By Bunmi Sofola
There is no strong evidence that anything works to shorten a cold symptom, says Professor Barclay, but “treating symptoms with over-the-counter remedies like decongestants or pain-killers will make you feel better. Stop it in its track: An itchy nose and sore throat are the early signs that a cold is coming on—try Vicks First Defence. There is some science behind this product. It lowers the pH of the nose, making it more acidic, and viruses don’t like a low pH environment.
The herb pelargonium also helps when cold symptoms strike .”Trials indicate that it stops some types of cold and flu virus, replicating and improves the immune system’s response to the viruses,” she says. Another herb, black elderberry, has been shown to stop cold virus replication within the cell. It’s one of the remedies with more robust evidence around.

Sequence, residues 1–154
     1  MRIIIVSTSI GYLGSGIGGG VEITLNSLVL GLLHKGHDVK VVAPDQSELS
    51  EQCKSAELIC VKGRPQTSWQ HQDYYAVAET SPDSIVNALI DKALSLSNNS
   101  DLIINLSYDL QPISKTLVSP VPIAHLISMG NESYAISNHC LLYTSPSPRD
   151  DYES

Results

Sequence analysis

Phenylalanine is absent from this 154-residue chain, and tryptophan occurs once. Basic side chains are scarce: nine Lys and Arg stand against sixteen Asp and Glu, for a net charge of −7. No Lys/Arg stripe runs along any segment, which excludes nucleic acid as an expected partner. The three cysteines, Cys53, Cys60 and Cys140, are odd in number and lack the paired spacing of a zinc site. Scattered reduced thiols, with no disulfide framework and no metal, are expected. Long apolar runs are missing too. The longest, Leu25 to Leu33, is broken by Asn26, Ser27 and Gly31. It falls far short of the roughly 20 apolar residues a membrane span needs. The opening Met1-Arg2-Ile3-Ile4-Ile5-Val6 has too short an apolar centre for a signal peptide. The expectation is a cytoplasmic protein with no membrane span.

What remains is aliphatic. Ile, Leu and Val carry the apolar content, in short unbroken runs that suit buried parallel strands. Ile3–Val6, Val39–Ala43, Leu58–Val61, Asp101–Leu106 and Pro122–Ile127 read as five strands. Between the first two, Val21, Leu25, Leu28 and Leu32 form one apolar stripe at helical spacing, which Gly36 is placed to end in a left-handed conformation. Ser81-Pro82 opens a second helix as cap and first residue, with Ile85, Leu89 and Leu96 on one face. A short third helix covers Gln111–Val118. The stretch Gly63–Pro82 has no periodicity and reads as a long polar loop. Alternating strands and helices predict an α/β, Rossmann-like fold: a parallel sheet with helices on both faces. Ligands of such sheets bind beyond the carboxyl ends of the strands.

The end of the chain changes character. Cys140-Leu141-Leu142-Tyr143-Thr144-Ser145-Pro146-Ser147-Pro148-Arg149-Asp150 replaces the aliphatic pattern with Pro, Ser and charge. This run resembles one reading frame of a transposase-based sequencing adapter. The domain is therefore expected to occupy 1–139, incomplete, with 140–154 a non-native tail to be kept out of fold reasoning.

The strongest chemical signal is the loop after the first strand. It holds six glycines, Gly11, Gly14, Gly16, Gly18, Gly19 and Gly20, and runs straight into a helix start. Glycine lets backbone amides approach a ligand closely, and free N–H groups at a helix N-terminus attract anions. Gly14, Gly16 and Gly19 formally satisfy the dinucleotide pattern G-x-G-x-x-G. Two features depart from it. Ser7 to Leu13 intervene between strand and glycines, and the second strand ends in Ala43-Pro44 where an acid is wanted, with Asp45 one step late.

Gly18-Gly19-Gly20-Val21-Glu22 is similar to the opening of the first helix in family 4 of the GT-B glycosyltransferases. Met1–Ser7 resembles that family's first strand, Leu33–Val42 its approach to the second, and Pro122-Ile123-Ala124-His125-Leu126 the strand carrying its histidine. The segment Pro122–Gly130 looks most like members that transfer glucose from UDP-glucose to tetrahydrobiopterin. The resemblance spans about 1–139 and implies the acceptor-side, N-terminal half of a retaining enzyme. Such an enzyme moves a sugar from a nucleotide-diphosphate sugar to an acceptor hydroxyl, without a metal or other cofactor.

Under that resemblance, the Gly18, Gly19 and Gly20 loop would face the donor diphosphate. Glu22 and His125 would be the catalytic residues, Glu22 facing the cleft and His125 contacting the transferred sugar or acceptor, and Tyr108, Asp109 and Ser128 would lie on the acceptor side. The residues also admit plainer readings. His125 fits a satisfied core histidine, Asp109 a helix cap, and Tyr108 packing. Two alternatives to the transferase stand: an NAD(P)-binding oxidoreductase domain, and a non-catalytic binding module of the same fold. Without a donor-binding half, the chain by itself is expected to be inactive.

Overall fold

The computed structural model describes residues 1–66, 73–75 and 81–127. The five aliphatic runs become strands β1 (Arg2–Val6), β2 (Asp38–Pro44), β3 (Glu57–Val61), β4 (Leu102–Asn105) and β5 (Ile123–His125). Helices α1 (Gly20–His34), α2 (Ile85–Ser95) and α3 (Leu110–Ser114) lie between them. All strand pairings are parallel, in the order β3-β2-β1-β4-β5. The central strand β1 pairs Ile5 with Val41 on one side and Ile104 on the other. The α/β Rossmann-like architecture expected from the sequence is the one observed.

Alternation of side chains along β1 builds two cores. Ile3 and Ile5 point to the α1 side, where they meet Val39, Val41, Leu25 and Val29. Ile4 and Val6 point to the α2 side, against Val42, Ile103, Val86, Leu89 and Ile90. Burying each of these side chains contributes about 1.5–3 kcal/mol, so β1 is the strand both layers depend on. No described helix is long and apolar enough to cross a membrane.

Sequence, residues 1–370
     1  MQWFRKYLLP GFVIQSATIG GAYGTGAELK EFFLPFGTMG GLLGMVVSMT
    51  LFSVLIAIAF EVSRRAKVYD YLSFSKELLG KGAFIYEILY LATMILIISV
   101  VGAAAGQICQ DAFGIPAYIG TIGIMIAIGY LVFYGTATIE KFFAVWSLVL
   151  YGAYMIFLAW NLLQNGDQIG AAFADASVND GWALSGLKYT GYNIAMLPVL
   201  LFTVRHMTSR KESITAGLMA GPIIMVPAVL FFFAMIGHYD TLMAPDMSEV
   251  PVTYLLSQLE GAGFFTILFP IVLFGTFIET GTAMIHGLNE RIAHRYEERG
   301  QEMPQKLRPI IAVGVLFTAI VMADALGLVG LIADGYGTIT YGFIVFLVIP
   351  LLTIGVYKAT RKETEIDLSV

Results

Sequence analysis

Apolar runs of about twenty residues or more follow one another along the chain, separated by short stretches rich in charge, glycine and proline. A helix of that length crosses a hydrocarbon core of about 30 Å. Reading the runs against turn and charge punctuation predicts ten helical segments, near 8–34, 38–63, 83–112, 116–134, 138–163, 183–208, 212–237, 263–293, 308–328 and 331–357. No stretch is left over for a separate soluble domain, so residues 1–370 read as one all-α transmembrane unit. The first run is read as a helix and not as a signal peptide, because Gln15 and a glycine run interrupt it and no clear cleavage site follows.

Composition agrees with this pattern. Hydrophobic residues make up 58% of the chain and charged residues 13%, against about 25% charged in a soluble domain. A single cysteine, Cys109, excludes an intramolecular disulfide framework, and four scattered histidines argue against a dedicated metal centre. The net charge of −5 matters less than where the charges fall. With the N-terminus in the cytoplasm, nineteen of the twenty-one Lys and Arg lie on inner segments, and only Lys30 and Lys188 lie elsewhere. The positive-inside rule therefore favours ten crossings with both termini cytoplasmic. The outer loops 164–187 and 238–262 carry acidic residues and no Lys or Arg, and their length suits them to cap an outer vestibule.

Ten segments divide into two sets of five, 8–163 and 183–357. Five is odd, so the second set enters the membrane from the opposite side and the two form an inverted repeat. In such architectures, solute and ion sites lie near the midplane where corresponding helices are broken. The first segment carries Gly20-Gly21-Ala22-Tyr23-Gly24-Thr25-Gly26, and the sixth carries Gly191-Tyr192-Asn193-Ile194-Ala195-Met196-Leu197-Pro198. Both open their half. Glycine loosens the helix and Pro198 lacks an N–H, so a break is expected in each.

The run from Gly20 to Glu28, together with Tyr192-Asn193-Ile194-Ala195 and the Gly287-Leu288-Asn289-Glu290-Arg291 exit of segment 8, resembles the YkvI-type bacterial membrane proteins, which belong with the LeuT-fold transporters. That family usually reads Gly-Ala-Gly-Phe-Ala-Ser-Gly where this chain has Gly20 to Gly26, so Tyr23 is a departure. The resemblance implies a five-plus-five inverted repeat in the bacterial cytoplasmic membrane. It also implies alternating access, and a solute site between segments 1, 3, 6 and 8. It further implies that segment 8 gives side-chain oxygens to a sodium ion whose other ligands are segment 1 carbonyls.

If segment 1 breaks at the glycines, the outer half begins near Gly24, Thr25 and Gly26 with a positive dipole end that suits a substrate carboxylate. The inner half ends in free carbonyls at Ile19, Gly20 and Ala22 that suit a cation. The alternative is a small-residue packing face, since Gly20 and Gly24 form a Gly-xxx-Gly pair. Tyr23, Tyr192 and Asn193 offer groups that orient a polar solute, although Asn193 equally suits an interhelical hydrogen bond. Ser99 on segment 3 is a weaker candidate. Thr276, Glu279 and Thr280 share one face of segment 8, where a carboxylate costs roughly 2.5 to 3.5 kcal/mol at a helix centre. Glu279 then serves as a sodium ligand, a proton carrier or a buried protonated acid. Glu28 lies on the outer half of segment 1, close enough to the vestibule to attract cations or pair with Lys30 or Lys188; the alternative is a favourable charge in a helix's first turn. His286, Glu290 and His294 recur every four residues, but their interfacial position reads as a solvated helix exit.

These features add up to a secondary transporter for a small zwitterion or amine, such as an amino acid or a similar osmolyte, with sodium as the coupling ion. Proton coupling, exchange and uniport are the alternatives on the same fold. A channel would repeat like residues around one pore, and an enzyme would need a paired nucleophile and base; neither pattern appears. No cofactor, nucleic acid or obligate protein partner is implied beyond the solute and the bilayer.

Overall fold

For a sore throat: Try some reputable Lozenges. Antiseptic throat sprays can ease sore throats, but they apply a mist to the back of the throat, whereas an anti-inflammatory Iozenges coats the throat, so relieving more pain. Hot water, lemon and honey can also be helpful. Non-medicated hot drinks are a hugely underrated soother. In a study it was discovered that people who drank Blackcurrant cordial made with hot water experienced a relief of cold symptoms (runny nose, sore throats and cough) within 15 minutes.
For a stuffed nose: Try Benadryl Plus—it combines a decongestant and an antihistamine, says the expert. Alternatively, squirting salty water through your nasal passages—can dislodge irritants and virus particles which may help.
Use paracetamol not Ibuprofen: Studies have shown that Paracetamol can work better on cold symptoms than Ibuprofen as people taking Ibuprofen are more likely to go back to their doctor with unresolved symptoms than those taking Paracetamol. This could be because Ibuprofen dampens the inflammatory reaction the body actually needs to fight the cold virus.
Don’t blow your nose too much: Infectious diseases specialists believe continually blowing your nose can push mucus back into sinuses and cause secondary infection. Either sniff (mucus goes to the back of the throat and ultimately to the stomach, not the lungs) or blow a nostril at a time to reduce pressure in the nasal cavity so you don’t push so much mucus back.